It's more similar than I would have imagined it to be. When I worked at British Vogue, it was at a time in which British fashion was having a very big moment. John Galliano was going to Paris. [Alexander] McQueen was starting at Givenchy. There was a lot of excitement. A lot of the fashion at the time that was successful commercially was very lifestyle-driven (which is what the English can often do well) -- clothes that don't come from the street, they come from the garden and how people live. It was all about wearing your pajamas or a slip dress with combat boots to work. It was very feminine, girlie and fun. There was a lot of interaction between the features and fashion staffs to put forward that vision. That was the birth of [designer label] Marni. We were wearing the rose prints with the striped T-shirts. Meanwhile, you had Oasis and Blur hitting it big, and the Brit pop thing. It was just a good moment to be there. It was a small staff and small budgets to do things -- bigger budgets than anyone else in England, but small budgets in comparison to what America does.
When I came to American Vogue, I had this perception that it had far more staff, far more resources, and far more divisions between the different parts of the magazine. Since I've been here, we've sort of merged features with fashion features because it used to be two people, and now it's me. Through issues like 'Power,' 'Shape' and 'Age,' we've done more stories in which the fashion side of the magazine and the feature side of the magazine have to work together to produce features that are relevant for both. We do have more staff, and it's a bigger magazine read by far more people. [American Vogue] has a far broader vision because it has to. The pleasures of working here are quite similar. [British Vogue editor-in-chief] Alex Shulman and Anna Wintour are not alike in any way, in that Alex comes completely from features and Anna comes first from fashion. Alex is a writer; Anna is a visual genius. But the pleasure is the same. It's really fun. I wouldn't be here if it wasn't.
There's been some criticism of the magazine. Cathy Horyn wrote in The New York Times that Vogue isn't as relevant as it once was. What's your response to that?
I was in India when Cathy's piece came out, so I didn't read it at the time; I can't comment directly on what she said, but I obviously disagree wholly with that. When I started at American Vogue, Style.com hadn't even started. There's now far more information in the world about fashion. You couldn't know the name of the 14-year-old Eastern bloc model the day after she appeared in the Prada show, unless you were at the show. When I was at New York and you had to shoot a look from Ann Demeulemeester, you had to go to the showroom, put the pieces together, and Polaroid them. There wasn't even a look book, let alone a Web site to show you how it was worn. It's changed completely. Anyone who is interested in clothes right now knows the clothes almost as soon as I do. That changes the way you report on clothes and changes the way you show clothes. It makes what we do more relevant than ever, because you actually need someone to edit it down for you. You need people now not to tell you what was at Prada, but to tell you why it was at Prada and how you're going to wear it. American Vogue is very good at explaining to American women -- and by extension, women around the world who want to dress like American women -- why they should wear what they wear, and how they should wear it.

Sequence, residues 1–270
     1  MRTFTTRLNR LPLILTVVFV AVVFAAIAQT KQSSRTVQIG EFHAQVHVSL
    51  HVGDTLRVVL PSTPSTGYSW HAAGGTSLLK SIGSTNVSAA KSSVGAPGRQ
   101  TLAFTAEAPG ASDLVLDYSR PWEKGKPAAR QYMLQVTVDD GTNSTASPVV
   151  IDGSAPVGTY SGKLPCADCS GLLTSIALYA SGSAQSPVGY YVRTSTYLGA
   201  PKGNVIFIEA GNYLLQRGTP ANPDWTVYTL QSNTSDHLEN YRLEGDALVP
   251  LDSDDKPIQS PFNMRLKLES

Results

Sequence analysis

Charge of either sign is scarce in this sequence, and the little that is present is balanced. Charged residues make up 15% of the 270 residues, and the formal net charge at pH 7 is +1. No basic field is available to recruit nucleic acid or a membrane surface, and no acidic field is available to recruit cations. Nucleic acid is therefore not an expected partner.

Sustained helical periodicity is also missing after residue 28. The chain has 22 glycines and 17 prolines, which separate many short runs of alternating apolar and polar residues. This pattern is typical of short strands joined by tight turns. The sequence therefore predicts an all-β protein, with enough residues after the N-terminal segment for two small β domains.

For the last two years, in [American Vogue's] "View" section in and echoed in the fashion features, we have said: Buy less, buy better, and don't think fast fashion is the fix for your life. We've done stories on women who only have an edited wardrobe, because they don't want to have more than they need, but what they have is good. So I have to say we've been putting it out there -- issues of sustainability, issues of value, issues of thoughtful shopping -- for about two years now. It might not be something that people are ready to listen to, but it's been there. There's so much relevant information that keeps you caught up in the drama of the season and the fun of fashion and the beauty and the romance of it. Grace Coddington's shoots are always about that, but also push you to think harder about why you're buying what you're buying, and who to invest in now. We put it out there every month with features on people that I certainly think are relevant.
Like your March cover subject Michelle Obama?
We had Michelle Obama in over a year ago. We had Valerie Jarrett. We had the McCains and we had Sarah Palin first. When that story broke, we had done her. The conservative news networks were trying to get our picture of her because they didn't have any other pictures of her. No one else had bothered with this woman.
I do think we're out there first -- not just for the sake of being first. I won't put a collection in just because I have to have an exclusive first when some young person is having a collection, and there's some hype around it. I won't do those in "View." I'll maybe wait until it's the season when the person has done their best work. It might be their first season; it might be their third. I think the same with the features coverage -- we don't have to do every hot young actress and every new person who makes it on to the national stage. We do the ones [who have] a story behind them that might push them forward, for better or worse. In the case of Sarah Palin, there was enough out there [to] be part of culture conversation that's happening at dinner tables around the country, if not around the world.